Managing animal health from an aquaculture perspective

Tuesday, July 22, 2014: 11:55 AM
2502 (Kansas City Convention Center)
Craig A Shoemaker , USDA-ARS, Aquatic Animal Health Research Unit, Auburn, AL
Benjamin R LaFrentz , USDA-ARS, Aquatic Animal Health Research Unit, Auburn, AL
Dehai Xu , USDA-ARS, Aquatic Animal Health Research Unit, Auburn, AL
Dunhua Zhang , USDA-ARS, Aquatic Animal Health Research Unit, Auburn, AL
Abstract Text:

Aquaculture is the production of aquatic animals for food.  The aquaculture industry is a rapidly expanding segment of U. S. agriculture and NOAA estimated the industry was worth $1.2 billion in 2011.  Disease related losses in aquaculture either by decreased performance and/or mortality is estimated by the World Bank to be around $3 billion globally.   Snieszko in 1974 proposed the host-pathogen-environment relationship theory as applied to fish with regard to development of disease.  Age, species, strain(s), nutritional and immunological status of the host are relevant to disease induction.  The pathogen including exposing dose, virulence and genetic type (strain) is also pertinent to disease in aquatic animals.  For aquatic animals, the environment is probably the most important factor in relation to disease development.  Fish are produced in all types of water (i.e., fresh, brackish and salt water) and fish must rely on the water for temperature regulation, oxygen, waste removal, etc., for optimum performance and health.  Aquatic animal health management is unique due to the fact the animals are reared in the water.  Disease can be difficult to discover in water.  Once disease is identified, treatment can be problematic because of the size of ponds and/or volume of water.  Also, limited treatment options are available due to the fact that few medicines are FDA approved.  In some aquaculture operations (e.g., catfish production) all sizes of fish may be raised together in multibatch culture.  Therefore, separation of healthy and sick animals is challenging.  Prevention is the key to successful health management of fish and should include good husbandry practices to limit stress, providing adequate balanced nutrition, use of vaccines and prudent use of medicines.   This presentation will highlight the unique aspects of aquatic animal health management and outline areas where further work may improve our understanding of animal health.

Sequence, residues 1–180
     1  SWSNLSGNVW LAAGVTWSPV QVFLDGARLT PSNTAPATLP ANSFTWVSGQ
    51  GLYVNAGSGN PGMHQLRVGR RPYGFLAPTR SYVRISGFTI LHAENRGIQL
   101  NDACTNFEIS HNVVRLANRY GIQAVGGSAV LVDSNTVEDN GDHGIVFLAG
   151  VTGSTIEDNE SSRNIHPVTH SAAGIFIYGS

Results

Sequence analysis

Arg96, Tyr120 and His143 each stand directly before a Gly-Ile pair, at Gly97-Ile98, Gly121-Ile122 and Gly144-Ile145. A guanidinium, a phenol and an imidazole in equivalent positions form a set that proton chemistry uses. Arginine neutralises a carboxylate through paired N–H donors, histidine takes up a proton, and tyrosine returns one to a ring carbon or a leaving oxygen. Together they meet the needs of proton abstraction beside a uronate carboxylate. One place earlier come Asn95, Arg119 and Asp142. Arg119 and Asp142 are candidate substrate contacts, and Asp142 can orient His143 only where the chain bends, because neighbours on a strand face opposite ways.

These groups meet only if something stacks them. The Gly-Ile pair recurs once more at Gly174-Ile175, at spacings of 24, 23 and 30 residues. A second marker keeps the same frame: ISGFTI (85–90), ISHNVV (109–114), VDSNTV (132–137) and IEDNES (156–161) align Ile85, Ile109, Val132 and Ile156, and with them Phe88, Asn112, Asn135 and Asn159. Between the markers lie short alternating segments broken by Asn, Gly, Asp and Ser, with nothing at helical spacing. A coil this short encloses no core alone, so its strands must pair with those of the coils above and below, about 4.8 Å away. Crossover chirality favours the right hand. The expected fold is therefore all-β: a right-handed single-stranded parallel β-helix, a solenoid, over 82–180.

Aquaculture, fish, health management